Another good point to take from this race is the importance of the Hero. Heroes cannot be held down. They cannot, for example, be raised on a desert planet by Uncle Owen and Aunt Beru and kept in seclusion forever. And they cannot be left standing idly on the side of the road while someone named Kenickie races for the glory. Heroes always step forward and pick up the mantle of glory.
The car race also tells us that there are rules and that cheaters don’t win. Leo tries to cover himself and tell Zuko “Ain’t no rules,” and that’s supposed to justify his behavior throughout the race. But it doesn’t work. Telling someone that there ‘ain’t no rules’ is just a smokescreen. You might as well go and say something like you misinterpreted the rules. The message is clear, either way: the good guys play fair and still win.
*We all know what that asterisk means by now, don't we?
Colts vs. Patriots*: November 4: The Battle of Unbeatens. Has there ever been a greater competition in human history? As it turns out, Yes. There have been Seven greater ones, and The Best of Everything joins with Nonsportsmanlike Conduct to bring you those seven as we countdown to the game this Sunday.
Today's is The Fourth Best Competition Between Good and Evil: The Grinch vs. Christmas!
A sourpuss who lives on his own and by his own rules looks down on the world around him and decides that there is too much joy, too much fun, too much – so he decides to take it all away.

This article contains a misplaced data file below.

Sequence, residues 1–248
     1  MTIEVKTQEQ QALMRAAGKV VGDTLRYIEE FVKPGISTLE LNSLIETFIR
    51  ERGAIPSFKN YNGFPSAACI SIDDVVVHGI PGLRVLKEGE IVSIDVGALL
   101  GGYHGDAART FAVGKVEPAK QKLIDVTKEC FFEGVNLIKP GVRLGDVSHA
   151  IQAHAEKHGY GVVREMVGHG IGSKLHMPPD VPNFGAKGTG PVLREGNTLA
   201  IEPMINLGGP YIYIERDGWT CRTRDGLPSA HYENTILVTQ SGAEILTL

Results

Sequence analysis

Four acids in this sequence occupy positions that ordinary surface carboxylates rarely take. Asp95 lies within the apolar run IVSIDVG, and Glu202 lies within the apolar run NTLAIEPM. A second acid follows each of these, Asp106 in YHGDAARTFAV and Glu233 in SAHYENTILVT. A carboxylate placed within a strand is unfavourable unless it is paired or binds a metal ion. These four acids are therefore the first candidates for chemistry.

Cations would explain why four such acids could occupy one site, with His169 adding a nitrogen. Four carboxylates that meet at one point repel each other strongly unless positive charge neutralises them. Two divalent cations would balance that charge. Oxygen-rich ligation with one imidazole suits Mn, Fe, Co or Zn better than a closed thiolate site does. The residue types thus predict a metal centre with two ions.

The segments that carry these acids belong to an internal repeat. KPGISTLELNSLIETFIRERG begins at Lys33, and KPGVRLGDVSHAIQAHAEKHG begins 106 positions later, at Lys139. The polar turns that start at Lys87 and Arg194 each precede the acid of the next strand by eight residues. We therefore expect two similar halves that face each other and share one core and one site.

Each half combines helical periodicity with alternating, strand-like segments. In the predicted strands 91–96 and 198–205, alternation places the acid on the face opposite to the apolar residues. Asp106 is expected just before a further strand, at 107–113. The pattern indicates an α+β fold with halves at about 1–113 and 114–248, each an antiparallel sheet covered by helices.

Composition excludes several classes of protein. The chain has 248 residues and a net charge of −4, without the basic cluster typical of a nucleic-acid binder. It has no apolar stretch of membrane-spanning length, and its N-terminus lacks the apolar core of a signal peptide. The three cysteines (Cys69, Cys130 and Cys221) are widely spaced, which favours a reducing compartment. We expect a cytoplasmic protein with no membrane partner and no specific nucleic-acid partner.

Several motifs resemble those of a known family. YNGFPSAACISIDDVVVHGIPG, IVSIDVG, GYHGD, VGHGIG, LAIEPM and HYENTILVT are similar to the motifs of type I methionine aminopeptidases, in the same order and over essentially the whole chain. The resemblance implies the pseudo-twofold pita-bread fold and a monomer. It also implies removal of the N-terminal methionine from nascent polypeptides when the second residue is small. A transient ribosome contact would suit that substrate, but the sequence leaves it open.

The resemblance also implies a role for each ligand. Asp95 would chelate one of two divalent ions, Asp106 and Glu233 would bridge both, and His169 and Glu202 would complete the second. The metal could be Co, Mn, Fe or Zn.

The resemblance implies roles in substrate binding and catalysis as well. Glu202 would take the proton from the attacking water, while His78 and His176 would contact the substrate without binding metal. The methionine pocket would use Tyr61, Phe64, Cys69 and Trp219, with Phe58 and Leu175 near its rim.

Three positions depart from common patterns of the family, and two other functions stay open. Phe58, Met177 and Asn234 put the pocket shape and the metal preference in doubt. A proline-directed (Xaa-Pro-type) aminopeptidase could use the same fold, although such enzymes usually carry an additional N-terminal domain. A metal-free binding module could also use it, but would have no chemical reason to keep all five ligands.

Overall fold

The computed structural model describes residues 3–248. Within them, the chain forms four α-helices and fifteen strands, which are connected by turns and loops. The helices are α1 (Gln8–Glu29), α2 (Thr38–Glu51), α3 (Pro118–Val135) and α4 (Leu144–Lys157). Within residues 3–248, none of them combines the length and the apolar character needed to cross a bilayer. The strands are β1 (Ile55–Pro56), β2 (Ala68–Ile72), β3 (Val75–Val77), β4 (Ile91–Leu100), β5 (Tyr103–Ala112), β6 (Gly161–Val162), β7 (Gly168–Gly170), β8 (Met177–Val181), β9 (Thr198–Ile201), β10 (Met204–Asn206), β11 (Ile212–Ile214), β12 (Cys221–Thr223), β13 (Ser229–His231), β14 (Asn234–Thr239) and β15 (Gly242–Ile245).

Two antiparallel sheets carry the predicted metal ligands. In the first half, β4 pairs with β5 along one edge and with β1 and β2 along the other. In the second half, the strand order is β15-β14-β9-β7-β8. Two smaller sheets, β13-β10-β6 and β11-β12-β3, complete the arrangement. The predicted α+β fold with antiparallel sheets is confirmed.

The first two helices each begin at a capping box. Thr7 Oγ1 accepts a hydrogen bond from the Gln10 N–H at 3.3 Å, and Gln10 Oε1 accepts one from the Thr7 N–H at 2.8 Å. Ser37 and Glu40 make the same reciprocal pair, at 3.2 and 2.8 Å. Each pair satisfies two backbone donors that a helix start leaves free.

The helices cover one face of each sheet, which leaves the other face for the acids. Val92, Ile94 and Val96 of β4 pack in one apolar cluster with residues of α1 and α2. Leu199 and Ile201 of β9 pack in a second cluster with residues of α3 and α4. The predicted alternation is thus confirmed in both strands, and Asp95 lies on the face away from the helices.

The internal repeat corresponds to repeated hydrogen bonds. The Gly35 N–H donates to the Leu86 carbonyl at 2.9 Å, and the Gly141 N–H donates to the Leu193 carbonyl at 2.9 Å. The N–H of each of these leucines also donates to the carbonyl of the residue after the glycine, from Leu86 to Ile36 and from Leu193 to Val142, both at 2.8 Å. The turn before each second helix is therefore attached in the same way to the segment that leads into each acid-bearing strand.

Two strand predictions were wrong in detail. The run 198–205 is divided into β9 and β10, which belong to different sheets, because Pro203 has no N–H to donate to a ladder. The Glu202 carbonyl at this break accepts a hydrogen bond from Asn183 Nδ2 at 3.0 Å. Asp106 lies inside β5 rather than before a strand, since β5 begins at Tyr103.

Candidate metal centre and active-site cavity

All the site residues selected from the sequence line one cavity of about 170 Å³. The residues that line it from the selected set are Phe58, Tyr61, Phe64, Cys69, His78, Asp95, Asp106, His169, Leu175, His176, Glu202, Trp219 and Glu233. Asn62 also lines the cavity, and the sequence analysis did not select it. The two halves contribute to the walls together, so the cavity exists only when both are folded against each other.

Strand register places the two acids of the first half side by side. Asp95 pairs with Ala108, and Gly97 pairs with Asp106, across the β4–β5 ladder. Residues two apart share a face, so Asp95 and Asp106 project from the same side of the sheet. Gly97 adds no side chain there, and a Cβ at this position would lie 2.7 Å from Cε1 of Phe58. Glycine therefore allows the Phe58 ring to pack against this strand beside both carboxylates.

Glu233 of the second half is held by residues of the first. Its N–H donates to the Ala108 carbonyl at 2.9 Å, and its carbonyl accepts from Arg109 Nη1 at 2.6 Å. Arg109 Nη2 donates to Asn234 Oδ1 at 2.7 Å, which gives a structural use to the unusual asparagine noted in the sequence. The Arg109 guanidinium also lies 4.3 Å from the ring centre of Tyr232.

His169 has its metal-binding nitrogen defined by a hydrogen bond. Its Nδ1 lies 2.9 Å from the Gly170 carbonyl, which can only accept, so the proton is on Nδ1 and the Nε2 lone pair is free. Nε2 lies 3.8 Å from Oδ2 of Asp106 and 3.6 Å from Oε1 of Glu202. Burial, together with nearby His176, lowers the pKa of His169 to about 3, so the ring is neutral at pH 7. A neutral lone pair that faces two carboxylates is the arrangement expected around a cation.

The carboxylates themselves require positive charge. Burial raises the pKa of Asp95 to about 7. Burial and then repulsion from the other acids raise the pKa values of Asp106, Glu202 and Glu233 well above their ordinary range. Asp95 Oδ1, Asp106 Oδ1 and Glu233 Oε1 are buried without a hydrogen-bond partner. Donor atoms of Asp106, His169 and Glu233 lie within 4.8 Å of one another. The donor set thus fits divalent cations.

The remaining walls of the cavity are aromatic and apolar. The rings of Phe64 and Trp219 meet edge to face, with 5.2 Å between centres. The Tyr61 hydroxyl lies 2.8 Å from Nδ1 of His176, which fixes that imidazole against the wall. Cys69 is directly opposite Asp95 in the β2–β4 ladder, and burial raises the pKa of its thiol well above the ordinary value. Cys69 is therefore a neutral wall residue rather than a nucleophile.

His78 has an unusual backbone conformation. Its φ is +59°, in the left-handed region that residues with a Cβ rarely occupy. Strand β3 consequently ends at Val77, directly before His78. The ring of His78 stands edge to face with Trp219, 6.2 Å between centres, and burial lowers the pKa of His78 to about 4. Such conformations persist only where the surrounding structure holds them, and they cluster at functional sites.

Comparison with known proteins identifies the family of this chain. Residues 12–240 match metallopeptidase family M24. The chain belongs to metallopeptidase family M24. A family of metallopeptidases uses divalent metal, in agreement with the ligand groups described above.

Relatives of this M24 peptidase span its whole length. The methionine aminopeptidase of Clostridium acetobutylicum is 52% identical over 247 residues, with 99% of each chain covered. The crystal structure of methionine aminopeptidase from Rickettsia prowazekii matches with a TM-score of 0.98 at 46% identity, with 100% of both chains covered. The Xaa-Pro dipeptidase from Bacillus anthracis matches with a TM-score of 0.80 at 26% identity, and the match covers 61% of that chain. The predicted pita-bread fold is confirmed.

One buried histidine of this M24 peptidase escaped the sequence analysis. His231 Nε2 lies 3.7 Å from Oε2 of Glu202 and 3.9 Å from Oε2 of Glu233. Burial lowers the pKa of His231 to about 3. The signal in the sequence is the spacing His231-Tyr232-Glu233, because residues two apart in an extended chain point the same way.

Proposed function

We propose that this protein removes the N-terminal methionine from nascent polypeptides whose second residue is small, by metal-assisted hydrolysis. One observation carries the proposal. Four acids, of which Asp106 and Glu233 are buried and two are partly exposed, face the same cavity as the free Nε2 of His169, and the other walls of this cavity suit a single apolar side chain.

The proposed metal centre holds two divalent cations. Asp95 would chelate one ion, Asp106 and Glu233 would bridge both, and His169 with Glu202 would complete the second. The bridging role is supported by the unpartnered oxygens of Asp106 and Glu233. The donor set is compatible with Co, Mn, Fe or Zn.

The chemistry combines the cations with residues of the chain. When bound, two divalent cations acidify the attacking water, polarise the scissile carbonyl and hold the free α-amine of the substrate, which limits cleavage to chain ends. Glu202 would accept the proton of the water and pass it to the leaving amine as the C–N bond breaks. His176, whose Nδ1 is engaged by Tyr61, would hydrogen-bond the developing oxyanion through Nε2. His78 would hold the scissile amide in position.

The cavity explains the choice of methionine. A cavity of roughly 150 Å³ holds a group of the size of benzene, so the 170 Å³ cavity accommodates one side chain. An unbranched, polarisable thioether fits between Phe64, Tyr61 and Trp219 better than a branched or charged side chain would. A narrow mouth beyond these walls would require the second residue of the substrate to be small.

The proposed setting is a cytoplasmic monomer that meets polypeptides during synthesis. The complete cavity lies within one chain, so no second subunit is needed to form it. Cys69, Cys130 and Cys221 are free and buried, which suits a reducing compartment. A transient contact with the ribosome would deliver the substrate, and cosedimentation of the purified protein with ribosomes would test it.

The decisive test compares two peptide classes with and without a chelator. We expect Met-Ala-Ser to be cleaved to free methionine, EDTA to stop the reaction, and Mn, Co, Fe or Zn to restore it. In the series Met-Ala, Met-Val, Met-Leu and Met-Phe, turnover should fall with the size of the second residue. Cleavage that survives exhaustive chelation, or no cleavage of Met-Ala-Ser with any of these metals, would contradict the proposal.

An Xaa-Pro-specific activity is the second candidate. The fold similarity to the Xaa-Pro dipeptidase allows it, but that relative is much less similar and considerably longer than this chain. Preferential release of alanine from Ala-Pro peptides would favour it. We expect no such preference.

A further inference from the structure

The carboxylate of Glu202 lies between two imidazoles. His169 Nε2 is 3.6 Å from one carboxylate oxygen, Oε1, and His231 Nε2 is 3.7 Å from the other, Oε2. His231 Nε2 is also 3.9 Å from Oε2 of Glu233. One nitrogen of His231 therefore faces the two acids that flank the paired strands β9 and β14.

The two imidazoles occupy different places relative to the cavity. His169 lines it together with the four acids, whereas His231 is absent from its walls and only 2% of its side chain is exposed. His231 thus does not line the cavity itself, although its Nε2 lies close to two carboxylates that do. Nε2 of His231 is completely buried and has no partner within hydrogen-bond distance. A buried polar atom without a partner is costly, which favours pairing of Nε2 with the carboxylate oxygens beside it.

The Fourth Best Battle Between Good And Evil has some easy comparisons to this week’s battle of unbeatens. Let’s take a look at The Grinch vs. Christmas.
Dr. Seuss’ book has by now conquered almost every form of entertainment. It began as a kids’ book,
Then became a beloved holiday staple cartoon, then stampeded the pop culture landscape with the Ron Howard/Jim Carrey movie – which, darn it, I liked and I don’t care what all you critics say out there. It was a good movie! It was! The story has been so ingrained that we all instinctively understand what we mean when we describe someone as a Grinch.
The story has been so ingrained not just because it’s about Christmas but because it follows the classic Good vs. Evil storyline: Bad guy, outcast by society, alone in his anger and bile, seethes and plots revenge. Then he gets his revenge, only it’s a hollow victory and Good has triumphed after all. We love stuff like that. We all want to believe that whether Evil sneaks into our house through the chimney, or slides down the side of its mountain on a careening sled, we will prevail regardless of how or why we fight back, because Good win. And Good wins so powerfully that it converts Evil to its side.
What We Can Learn About The Colts/Patriots* game from this Battle:
A key point to take away from this battle is, apparently, you can’t ever get enough of a good thing. When Dr. Seuss wrote How The Grinch Stole Christmas in the 1950s, Christmas was a smaller affair, with celebrations beginning not much before the actual day and being centered on the family. (Note: I am getting my information from the movie “A Christmas Story,” which I presume to be a valid documentary.) Now, fifty years later, Christmas is a months-long extravaganza that begins just after Labor Day, has the shelves crowding out Halloween Candy in October, and culminates in radio stations going to all-Christmas Music on Thanksgiving, shopping beginning at midnight, office parties, Secret Santas and giant inflatable Rudolphs.